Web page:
Megestrol acetate (Megace)

Megestrol acetate is a type of hormone treatment. It is also called Megace or megestrol. It is a man made version of the hormone progesterone. Progesterone is one of the female hormones but men also produce a small amount of it. 

Megestrol acetate is treatment for breast cancer and womb cancer that has:

  • come back after treatment (recurred or relapsed)
  • spread to other parts of the body (secondary or metastatic cancer)

It is also a treatment for poor appetite. Your doctor might suggest you take it if you have lost weight because of cancer or its treatment.

How does megestrol acetate work?

Megestrol acetate is a man-made version of the hormone progesterone. Progesterone is one of the female hormones, but men also make a small amount of it. 

Hormones are natural substances made by glands in our bodies. They are carried around our body in our bloodstream and act as messengers between one part of our body and another.  

Some cancers use hormones to grow or develop. This means the cancer is hormone sensitive or hormone dependent.

Megestrol acetate can interfere with the hormone balance in the body so that the body makes smaller amounts of the hormones that some cancers depend on to grow. It may also interact with other hormones or have a direct effect on the cancer to stop it growing.

How do you have megestrol acetate?

You have megestrol acetate as a tablet.

You must take tablets according to the instructions your doctor or pharmacist gives you.

You should take the right dose, not more or less.

Talk to your specialist or advice line before you stop taking a cancer drug.

How often do you take megestrol acetate?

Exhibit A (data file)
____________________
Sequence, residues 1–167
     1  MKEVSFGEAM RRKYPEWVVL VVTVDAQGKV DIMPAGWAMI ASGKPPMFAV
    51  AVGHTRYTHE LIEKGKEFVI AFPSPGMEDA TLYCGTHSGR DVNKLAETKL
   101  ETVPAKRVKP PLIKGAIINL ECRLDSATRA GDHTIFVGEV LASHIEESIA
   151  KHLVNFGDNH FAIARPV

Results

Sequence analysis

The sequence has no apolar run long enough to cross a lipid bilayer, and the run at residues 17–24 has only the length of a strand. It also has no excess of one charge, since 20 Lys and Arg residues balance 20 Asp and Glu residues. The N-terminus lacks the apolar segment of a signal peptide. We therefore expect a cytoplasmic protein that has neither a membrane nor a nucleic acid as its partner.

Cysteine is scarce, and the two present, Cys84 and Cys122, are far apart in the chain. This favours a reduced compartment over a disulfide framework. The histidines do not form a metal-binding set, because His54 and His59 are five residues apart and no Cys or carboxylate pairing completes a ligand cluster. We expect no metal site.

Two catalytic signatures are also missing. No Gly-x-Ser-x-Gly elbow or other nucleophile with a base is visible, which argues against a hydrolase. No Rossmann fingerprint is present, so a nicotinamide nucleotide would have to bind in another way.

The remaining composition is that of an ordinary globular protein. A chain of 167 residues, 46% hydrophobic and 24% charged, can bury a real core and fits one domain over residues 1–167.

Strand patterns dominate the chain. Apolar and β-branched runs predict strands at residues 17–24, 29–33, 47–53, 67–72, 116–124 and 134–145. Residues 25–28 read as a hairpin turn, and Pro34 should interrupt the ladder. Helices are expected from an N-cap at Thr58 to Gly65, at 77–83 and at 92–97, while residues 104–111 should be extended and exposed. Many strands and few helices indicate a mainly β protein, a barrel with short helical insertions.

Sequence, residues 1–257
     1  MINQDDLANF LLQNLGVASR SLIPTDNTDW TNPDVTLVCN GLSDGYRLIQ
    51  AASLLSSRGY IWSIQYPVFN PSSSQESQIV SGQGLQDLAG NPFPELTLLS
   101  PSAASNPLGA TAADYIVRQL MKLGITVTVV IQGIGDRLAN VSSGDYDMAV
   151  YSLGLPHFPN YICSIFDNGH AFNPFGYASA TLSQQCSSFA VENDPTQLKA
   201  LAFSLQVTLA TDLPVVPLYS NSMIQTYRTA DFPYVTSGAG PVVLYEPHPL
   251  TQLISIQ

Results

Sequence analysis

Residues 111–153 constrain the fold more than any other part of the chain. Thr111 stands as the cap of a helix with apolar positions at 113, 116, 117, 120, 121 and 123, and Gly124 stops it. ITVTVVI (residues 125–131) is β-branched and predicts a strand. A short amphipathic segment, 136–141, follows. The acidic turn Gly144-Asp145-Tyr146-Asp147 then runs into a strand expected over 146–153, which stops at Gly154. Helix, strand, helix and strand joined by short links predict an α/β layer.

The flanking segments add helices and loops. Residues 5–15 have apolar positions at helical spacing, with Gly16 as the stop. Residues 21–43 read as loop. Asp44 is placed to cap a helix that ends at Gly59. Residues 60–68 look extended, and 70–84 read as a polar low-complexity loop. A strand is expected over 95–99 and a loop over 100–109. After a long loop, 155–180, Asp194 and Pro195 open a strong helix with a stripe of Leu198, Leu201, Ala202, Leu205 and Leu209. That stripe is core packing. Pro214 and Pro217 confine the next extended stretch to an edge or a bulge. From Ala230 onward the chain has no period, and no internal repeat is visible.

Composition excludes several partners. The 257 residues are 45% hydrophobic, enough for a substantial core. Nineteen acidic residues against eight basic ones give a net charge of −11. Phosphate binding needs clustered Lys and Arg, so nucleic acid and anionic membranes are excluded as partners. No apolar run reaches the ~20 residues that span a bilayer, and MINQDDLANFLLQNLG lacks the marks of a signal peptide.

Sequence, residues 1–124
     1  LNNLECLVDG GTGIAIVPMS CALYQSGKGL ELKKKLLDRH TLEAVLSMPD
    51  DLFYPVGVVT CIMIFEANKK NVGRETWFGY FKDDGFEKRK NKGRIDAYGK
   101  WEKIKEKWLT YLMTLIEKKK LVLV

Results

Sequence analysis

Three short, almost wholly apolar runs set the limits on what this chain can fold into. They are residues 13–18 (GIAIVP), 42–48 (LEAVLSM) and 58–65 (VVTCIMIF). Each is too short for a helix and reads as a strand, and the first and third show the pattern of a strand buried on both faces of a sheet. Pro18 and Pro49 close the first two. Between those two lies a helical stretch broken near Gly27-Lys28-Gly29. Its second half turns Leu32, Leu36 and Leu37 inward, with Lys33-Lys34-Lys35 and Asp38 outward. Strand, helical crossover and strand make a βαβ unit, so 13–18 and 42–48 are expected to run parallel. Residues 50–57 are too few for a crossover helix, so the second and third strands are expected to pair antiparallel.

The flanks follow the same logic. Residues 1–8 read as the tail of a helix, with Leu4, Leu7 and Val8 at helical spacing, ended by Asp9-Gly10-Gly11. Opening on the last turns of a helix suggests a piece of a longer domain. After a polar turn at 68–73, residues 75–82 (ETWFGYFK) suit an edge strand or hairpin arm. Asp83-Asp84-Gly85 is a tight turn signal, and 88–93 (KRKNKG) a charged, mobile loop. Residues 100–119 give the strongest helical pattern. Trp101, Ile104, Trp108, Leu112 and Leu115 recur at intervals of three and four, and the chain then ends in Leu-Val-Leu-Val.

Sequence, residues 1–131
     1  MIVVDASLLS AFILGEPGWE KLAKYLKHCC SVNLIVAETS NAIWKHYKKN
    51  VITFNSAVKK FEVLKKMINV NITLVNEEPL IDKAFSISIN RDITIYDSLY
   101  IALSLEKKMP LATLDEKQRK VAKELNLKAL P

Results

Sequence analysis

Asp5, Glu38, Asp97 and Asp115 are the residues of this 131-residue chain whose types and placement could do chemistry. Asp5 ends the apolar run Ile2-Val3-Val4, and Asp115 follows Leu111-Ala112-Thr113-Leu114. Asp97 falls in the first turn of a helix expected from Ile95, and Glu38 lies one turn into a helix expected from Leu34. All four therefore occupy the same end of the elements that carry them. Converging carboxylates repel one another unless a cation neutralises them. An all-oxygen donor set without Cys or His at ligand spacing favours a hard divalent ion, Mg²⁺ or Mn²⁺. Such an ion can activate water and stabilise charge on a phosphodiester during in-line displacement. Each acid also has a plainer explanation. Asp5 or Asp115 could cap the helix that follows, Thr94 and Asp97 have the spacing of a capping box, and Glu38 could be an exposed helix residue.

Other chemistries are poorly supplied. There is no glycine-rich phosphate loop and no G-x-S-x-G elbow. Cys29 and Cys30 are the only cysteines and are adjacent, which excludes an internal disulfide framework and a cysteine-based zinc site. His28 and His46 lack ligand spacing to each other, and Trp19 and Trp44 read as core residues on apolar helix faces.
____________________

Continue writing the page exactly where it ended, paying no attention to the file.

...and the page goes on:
You usually take megestrol acetate once a day, at the same time each day. But sometimes the dose is divided up, so that you take the tablets a couple of times a day.

When you start taking it you should take them for at least 2 months. This is to find out if they are working. You can take them for many years. 

What are the side effects of megastrol acetate?

How often and how severe the side effects are can vary from person to person. They also depend on what other treatments you're having. For example, your side effects could be worse if you're also having other drugs or radiotherapy.

When to contact your team

Your doctor, nurse or pharmacist will go through the possible side effects. They will monitor you closely during treatment and check how you are at your appointments. Contact your advice line as soon as possible if:

  • you have severe side effects 
  • your side effects aren’t getting any better
  • your side effects are getting worse

Early treatment can help manage side effects better. 

Contact your advice line immediately if you have signs of infection, including a temperature above 37.5C or below 36C.

We haven't listed all the side effects here. Remember it is very unlikely that you will have all of these side effects, but you might have some of them at the same time.

Common side effects

These side effects happen in more than 10 in 100 people (more than 10%). You might have one or more of them. They include:

Increased appetite and weight gain

Feeling hungrier can make it difficult to keep your weight down. Your appetite will go back to normal when you stop the treatment but some people need to diet to lose the extra weight.

Talk to your nurse or your dietitian about how to safely control your weight.

Hot flushes and sweats

We have some tips for coping with hot flushes and the possible treatments for men and women. Talk to your doctor if your hot flushes are hard to cope with. They might be able to prescribe you some medicines.

Shortness of breath